In May 2012, HENNING told one of his prior students from the University (“Victim-1”) about an endeavor he wasinvolved in, OpportunIP.  HENNING described OpportunIP as a business venture through which HENNING establishedpartnerships with owners or developers of intellectual property (“IP”) and assisted them in taking the IP to market in exchange for asubstantial percentage share of future profits.  Over the next few years, HENNING provided Victim-1 with information about OpportunIP, including a series of IP opportunities that were in various stages of implementation.  For example, he claimed that OpportunIP had signed an escrow agreement with two multi-national corporations (“MNC-1” and “MNC-2”) relating to the “license-out” of certain IP that was being represented by OpportunIP (the “Escrow Agreement”).

            In fall 2014, HENNING presented Victim-1 with an opportunity to invest in OpportunIP and asked Victim-1 to help secure bridge financing for an IP owner (“IP Owner-1”) who was in financial distress and needed temporary financing while he brought his IP to market.  HENNING represented that the IP owner needed a $500,000 loan to get him past certain financial hurdles and would repay the loan in six months.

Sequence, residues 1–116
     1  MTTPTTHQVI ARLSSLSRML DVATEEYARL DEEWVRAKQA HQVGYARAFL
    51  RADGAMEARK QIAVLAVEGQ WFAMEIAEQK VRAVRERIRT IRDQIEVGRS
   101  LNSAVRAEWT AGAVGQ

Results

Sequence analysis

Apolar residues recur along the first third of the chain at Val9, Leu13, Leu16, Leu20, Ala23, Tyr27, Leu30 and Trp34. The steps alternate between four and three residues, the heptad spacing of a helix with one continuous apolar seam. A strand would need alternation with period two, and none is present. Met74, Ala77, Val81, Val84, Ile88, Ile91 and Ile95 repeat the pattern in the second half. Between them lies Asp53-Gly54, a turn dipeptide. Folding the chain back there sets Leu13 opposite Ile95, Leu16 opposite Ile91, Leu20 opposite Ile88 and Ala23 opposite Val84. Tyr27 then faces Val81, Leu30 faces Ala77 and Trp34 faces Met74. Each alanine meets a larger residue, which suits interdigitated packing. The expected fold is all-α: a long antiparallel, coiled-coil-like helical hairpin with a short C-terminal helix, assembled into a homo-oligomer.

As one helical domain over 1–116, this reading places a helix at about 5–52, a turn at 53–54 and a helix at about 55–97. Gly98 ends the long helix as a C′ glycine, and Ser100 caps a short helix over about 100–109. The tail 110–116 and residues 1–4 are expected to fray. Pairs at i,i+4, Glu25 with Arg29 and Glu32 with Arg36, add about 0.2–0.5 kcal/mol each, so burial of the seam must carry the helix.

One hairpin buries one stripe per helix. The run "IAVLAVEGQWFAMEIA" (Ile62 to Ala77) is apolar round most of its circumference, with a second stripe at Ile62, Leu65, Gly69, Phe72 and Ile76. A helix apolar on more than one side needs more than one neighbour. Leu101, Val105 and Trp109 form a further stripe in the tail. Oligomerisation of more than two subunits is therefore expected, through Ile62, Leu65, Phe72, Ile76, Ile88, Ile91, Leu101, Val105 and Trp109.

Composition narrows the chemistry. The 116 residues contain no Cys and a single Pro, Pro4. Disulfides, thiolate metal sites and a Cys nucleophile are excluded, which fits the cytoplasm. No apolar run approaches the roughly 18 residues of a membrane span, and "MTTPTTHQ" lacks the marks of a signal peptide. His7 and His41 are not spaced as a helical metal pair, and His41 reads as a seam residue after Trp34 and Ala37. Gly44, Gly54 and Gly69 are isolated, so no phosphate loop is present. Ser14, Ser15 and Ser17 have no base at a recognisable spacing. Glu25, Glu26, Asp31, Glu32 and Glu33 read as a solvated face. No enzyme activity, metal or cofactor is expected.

Thereafter, there were ongoing communications relating to Victim-1’s purchase of an interest in OpportunIP and, at around the same time, HENNING disclosed another multi-million dollar OpportunIP License-Out deal involving an agreement between an IP owner represented by OpportunIP and a global automobile manufacturer (“AM-1”).  HENNING provided Victim-1 with a copy of the License-Out Agreement (“AM-1 License Agreement) and an AM-1 corporate guarantee (the “AM-1 Guarantee”).  In addition, he provided an agreement in which a second global automobile manufacturer (“AM-2”) agreed to license the same technology (“AM-2 License Agreement”).

            On October 31, 2014, HENNING listed IP deals for which he had “signed deals and minimum guarantees” and proposed that Victim-1 acquire 5 percent of OpportunIP for $2 million.  On November 2, 2014, Victim-1 indicated his willingness to proceed and on November 7, 2014, HENNING sent Victim-1 the purported License-in Agreement between OpportunIP and MNC-1 (“MNC-1 License Agreement”) and the “License-out Agreement” between OpportunIP and MNC-2 (“MNC-2 License Agreement”).  Three days later, on November 10, 2014, HENNING emailed Victim-1 the Escrow Agreement, in which MNC-1, MNC-2, and OpportunIP purportedly agreed that, pursuant to the license agreements, $35 million would be held in escrow and OpportunIP would receive $2 million no later than December 31, 2014.